Howard County Public Schools, Maryland

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Howard County Public Schools
Ellicott City, Maryland
Howard County Public Schools logo.jpg
District Profile
Superintendent:Renee A. Foose
Graduation rate:93.2 percent[2]
Number of schools:76
Budget: $758.8 million
Website:School Home Page
Board of Education
Board president:Ellen Flynn Giles
Board members:7
Term length:4
Howard County Public Schools is a school district in Maryland that served 52,053 K-12 students during the 2013-2014 school year. The district's high school graduation rate jumped from 89.5 percent in 2010 to 93.2 in 2013.[2]

About the district

Howard County Public Schools is located in Howard County, Maryland
Howard County Public Schools is based in Ellicott City, a city located in Howard County, Maryland. Howard County is home to 304,580 residents, according to the United States Census Bureau.[3] Howard County Public Schools is the sixth-largest school district in Maryland.


Howard County outperformed the rest of Maryland in terms of higher education achievement in 2012. The United States Census Bureau found that 59.5 percent of Howard County residents aged 25 years and older had attained a bachelor's degree compared to 36.3 percent for Maryland as a whole. The median household income in Howard County was $107,821 compared to $72,999 for the state of Maryland. The poverty rate in Howard County was 4.4 percent compared to 9.4 percent for the entire state.[3]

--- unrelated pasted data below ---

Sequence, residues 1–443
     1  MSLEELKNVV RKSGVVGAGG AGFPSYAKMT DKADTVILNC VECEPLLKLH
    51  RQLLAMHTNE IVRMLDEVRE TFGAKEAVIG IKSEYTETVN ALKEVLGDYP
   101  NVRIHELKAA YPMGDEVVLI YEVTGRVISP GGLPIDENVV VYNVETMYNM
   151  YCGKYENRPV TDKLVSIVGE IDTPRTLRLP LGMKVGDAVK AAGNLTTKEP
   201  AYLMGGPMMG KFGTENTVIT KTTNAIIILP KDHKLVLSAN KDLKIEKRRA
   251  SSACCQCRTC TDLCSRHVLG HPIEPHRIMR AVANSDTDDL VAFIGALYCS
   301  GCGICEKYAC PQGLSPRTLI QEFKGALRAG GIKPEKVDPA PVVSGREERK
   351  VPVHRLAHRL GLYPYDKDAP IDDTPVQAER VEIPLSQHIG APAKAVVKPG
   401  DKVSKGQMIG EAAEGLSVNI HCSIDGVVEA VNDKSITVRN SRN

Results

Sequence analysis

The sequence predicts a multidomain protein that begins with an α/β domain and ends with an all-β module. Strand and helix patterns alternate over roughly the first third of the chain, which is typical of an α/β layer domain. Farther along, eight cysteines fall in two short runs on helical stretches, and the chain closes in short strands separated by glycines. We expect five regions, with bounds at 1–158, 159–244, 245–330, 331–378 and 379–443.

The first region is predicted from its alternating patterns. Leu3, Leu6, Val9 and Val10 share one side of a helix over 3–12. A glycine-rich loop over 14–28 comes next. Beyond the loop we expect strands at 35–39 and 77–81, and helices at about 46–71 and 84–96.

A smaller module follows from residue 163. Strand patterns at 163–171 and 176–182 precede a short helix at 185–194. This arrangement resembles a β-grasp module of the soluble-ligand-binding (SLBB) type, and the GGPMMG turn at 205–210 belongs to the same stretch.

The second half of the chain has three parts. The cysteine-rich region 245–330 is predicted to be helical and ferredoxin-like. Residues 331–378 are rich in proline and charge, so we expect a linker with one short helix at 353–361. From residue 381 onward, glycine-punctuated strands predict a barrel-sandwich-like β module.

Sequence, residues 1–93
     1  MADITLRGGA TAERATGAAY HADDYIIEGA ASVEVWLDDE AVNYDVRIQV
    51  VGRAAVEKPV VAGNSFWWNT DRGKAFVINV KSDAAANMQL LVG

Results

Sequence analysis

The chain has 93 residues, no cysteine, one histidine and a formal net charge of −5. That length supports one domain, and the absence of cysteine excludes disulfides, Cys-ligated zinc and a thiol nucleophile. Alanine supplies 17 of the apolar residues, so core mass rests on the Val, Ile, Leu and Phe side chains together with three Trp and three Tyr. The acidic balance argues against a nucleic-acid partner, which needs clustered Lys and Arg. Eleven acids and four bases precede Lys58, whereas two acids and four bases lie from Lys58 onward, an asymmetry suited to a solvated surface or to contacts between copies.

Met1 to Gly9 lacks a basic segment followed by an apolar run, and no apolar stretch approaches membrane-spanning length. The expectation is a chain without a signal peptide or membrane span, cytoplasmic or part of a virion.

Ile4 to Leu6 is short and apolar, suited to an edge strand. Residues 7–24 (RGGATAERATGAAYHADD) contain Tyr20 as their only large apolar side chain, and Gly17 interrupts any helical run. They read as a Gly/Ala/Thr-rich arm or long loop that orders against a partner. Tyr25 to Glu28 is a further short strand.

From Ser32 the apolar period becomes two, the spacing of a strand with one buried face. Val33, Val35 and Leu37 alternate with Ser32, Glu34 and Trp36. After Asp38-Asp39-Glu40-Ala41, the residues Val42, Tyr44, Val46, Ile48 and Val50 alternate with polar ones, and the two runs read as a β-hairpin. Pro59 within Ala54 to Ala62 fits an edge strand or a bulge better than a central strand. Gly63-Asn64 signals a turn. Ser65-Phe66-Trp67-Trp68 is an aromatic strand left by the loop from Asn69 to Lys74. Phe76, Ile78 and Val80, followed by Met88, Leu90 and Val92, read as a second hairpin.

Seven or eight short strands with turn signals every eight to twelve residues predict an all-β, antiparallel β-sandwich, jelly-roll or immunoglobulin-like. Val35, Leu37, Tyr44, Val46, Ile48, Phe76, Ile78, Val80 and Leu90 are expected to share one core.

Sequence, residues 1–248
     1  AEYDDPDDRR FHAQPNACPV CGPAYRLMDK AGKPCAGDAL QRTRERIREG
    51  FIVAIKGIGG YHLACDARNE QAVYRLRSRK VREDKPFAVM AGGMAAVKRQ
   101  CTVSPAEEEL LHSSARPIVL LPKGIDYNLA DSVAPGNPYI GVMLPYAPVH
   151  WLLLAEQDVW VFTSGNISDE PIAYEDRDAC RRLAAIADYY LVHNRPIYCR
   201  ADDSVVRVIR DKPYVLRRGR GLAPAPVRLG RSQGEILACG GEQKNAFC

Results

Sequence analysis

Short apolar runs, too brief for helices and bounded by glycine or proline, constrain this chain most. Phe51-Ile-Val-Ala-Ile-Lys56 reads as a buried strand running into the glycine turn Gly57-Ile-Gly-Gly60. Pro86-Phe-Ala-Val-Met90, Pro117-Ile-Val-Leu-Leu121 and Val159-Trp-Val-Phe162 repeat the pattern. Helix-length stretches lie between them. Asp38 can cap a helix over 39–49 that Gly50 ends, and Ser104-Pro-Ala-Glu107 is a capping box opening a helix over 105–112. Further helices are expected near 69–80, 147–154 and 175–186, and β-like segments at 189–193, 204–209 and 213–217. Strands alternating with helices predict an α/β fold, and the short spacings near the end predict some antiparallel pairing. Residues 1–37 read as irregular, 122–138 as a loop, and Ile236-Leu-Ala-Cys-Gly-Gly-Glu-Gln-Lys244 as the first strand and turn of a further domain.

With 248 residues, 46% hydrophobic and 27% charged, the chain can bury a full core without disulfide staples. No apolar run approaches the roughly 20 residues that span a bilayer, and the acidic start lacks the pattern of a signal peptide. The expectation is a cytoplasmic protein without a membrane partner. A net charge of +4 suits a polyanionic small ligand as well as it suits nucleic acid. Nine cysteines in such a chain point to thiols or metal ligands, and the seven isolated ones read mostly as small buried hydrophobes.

Racial Demographics, 2012[3]
Race Howard County (%) Maryland (%)
White 62.3 60.8
Black or African American 18.1 30.0
American Indian and Alaska Native 0.4 0.5
Asian 15.7 6.0
Two or More Races 3.4 2.5
Hispanic or Latino 6.2 8.7

Party registration, 2014[4]
Party Number of registered voters
Democratic 93,491
Republican 56,260
Unaffiliated 42,856
Other 2,302
Libertarian 868
Green 493
Total 196,270

Note: The United States Census Bureau considers "Hispanic or Latino" to be a place of origin, not a race. Therefore, the Census allows citizens to report both their race and that they are from a "Hispanic or Latino" place of origin simultaneously. As a result, the percentages in each column of the racial demographics table will exceed 100 percent. Each column will add up to 100 percent after removing the "Hispanic or Latino" place of origin percentages, although rounding by the Census Bureau may make the total one- or two-tenths off from being exactly 100 percent.[5] This Ballotpedia page provides a more detailed explanation of how the Census Bureau handles race and ethnicity in its surveys.